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JÜLICH, Germany — Could a cup of creatine in the morning do more to wake you up than coffee? A team from the German national research institution Forschungszentrum Jülich finds that a single high dose of creatine can temporarily improve cognitive performance after a night of poor sleep.

Creatine is a popular dietary supplement common in gyms and weight rooms the world over as a means of improving performance. However, scientists wanted to see if the workout supplement could also benefit the brain.

To conduct this research, published in Scientific Reports, the study authors gathered 15 participants and kept them awake all night. Over the course of their sleepless evening, everyone had to solve a series of cognitive tasks. Sleep deprivation is known to cause changes in brain metabolism that promote the cellular uptake of creatine. Before getting started, participants consumed a single, high dose of creatine – which is a key metabolic product found in food but also produced by the body itself.

Three hours after everyone took their creatine, researchers observed a positive effect on the brain metabolism and cognitive performance among the test participants. This effect reached its peak around four hours afterward and lasted for up to nine hours. More specifically, the research team recorded improvements in processing capacity and short-term memory.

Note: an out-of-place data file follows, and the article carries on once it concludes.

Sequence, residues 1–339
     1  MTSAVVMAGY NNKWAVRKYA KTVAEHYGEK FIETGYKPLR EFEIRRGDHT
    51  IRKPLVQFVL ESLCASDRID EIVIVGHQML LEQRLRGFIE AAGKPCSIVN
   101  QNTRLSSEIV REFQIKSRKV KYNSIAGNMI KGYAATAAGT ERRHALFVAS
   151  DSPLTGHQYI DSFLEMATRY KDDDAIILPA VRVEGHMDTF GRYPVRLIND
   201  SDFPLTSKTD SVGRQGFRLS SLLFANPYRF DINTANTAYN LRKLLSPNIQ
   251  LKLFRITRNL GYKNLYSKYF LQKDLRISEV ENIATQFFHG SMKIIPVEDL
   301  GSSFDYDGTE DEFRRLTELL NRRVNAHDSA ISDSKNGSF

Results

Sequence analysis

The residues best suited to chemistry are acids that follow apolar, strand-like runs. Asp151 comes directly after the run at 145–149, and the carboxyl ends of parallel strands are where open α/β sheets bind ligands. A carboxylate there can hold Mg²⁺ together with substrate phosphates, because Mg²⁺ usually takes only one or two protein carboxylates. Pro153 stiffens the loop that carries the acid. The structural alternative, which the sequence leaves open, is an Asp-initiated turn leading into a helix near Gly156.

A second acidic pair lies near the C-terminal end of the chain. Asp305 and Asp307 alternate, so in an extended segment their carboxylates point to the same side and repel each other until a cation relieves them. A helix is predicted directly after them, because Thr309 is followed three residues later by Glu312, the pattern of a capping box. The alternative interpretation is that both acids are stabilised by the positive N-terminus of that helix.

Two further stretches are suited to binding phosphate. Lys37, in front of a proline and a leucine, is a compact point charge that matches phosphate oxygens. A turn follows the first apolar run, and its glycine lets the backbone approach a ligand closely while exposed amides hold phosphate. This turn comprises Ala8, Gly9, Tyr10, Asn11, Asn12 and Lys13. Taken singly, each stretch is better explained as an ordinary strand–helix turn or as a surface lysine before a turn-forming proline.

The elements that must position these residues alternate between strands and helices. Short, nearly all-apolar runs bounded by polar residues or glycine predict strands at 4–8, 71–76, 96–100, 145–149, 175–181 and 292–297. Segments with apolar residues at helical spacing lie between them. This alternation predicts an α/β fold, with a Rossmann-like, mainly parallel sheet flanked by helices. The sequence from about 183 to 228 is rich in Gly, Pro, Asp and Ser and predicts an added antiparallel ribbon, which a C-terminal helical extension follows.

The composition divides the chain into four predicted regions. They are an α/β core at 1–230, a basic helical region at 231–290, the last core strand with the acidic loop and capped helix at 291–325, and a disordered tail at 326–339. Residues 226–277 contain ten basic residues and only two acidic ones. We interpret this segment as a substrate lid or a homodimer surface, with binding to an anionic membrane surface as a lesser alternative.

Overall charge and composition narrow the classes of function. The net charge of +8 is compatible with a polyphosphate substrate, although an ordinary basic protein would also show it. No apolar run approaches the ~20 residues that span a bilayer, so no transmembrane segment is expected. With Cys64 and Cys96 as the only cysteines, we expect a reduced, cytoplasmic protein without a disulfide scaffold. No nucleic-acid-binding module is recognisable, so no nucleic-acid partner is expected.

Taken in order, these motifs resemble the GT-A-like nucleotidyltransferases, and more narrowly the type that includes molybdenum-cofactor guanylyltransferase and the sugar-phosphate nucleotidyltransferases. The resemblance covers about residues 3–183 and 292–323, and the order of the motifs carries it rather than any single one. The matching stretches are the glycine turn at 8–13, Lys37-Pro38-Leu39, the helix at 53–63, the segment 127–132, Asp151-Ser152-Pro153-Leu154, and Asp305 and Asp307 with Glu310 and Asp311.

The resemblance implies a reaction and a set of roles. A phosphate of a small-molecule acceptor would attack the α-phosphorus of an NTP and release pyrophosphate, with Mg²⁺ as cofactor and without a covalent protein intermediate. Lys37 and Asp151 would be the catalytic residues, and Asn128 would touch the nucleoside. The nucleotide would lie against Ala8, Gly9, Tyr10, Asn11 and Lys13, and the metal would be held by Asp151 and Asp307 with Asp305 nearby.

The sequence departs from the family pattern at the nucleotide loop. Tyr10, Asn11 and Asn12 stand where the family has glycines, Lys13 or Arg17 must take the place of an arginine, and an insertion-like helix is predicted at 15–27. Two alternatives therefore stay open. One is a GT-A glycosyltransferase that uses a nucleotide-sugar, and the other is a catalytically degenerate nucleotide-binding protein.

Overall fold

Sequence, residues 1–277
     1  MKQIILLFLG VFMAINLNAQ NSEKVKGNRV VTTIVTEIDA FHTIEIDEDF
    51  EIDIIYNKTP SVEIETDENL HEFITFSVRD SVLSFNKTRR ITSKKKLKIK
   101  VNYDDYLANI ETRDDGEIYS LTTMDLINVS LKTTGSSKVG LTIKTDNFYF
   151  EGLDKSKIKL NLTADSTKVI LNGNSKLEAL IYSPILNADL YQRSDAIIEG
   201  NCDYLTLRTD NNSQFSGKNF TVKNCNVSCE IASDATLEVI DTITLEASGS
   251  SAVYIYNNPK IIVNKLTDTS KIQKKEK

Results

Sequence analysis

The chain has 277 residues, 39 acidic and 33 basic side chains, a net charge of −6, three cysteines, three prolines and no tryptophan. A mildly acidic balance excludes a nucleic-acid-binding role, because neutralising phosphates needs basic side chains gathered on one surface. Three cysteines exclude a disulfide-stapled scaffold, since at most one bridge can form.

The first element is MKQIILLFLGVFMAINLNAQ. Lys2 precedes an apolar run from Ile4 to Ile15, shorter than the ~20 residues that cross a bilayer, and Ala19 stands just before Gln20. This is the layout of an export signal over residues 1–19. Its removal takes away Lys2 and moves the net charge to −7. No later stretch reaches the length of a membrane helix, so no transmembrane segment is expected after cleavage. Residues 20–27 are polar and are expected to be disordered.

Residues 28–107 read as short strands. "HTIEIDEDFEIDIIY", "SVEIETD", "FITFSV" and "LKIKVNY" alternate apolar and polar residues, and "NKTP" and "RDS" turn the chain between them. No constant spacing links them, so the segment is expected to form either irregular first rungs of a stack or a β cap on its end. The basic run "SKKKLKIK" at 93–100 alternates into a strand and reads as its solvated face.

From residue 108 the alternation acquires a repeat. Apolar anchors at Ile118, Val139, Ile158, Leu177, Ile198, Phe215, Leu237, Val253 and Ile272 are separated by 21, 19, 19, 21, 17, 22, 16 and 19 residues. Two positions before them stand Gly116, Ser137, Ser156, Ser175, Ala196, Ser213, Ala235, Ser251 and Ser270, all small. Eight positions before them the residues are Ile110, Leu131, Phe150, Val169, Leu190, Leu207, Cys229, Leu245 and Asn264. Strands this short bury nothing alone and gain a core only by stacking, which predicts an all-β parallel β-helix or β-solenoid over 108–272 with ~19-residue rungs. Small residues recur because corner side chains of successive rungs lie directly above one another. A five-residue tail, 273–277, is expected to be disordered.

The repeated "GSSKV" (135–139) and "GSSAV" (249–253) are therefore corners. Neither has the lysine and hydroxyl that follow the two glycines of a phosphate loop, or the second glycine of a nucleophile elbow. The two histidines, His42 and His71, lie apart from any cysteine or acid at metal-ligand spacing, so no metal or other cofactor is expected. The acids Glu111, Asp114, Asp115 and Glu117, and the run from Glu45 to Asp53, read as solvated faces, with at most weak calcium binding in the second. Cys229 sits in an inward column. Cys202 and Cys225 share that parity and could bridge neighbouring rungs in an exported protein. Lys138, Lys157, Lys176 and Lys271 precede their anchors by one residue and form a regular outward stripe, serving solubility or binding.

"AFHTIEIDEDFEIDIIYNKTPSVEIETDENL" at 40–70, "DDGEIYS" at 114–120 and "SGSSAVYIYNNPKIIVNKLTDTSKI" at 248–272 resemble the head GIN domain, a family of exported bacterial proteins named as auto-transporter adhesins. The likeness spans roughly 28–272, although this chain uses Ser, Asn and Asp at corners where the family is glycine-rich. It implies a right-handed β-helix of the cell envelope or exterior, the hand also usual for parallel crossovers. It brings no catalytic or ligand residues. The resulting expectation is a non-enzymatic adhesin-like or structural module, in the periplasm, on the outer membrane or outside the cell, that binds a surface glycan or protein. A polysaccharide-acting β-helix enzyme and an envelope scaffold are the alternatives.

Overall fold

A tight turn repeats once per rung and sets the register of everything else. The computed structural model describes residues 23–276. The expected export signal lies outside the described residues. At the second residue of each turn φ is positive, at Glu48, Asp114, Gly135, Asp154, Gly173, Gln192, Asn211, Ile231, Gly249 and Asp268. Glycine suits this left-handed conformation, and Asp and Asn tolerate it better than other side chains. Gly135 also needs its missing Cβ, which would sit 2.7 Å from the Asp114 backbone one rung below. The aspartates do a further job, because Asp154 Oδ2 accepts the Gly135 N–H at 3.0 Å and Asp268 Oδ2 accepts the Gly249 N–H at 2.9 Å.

“The results suggest that a single but high dose of creatine enhances thinking capacity and causes changes in the brain’s energy reserves during sleep deprivation,” says Dr. Ali Gordjinejad, the coordinator of the study from the Institute of Neuroscience and Medicine (INM-2) at Forschungszentrum Jülich, in a media release.

a bottle of creatine next to a spoon
Researchers find that a single high dose of creatine can temporarily improve cognitive performance after a night of poor sleep. (Photo by Aleksander Saks from Unsplash)

Earlier studies have also noted improvements in cognitive performance following a long creatine diet. The substance appears to counteract the metabolic changes caused by sleep deprivation. Those earlier findings inspired the Jülich researchers to consider creatine a potential candidate for this study.

Since neuronal cells of the central nervous system can only absorb creatine to a small extent, up until now, it hasn’t been possible to prove the short-term effects that this new study observed. Normally, neuronal cells cover their needs largely through their own synthesis. Only placing the brain in a “stressed” state, like not sleeping all night, led to the increased uptake of creatine in the cells.

“For the time being, however, it is not advisable for people to take such a high dose of creatine at home, as high doses of the substance put a heavy strain on the kidneys and can cause health risks,” Dr. Gordjinejad concludes. “However, if future studies show an increase in cognitive performance at lower doses, creatine might become a serious competitor to coffee during long working nights.”

About John Anderer

Born blue in the face, John has been writing professionally for over a decade and covering the latest scientific research for StudyFinds since 2019. His work has been featured by Business Insider, Eat This Not That!, MSN, Ladders, and Yahoo!

Studies and abstracts can be confusing and awkwardly worded. He prides himself on making such content easy to read, understand, and apply to one’s everyday life.

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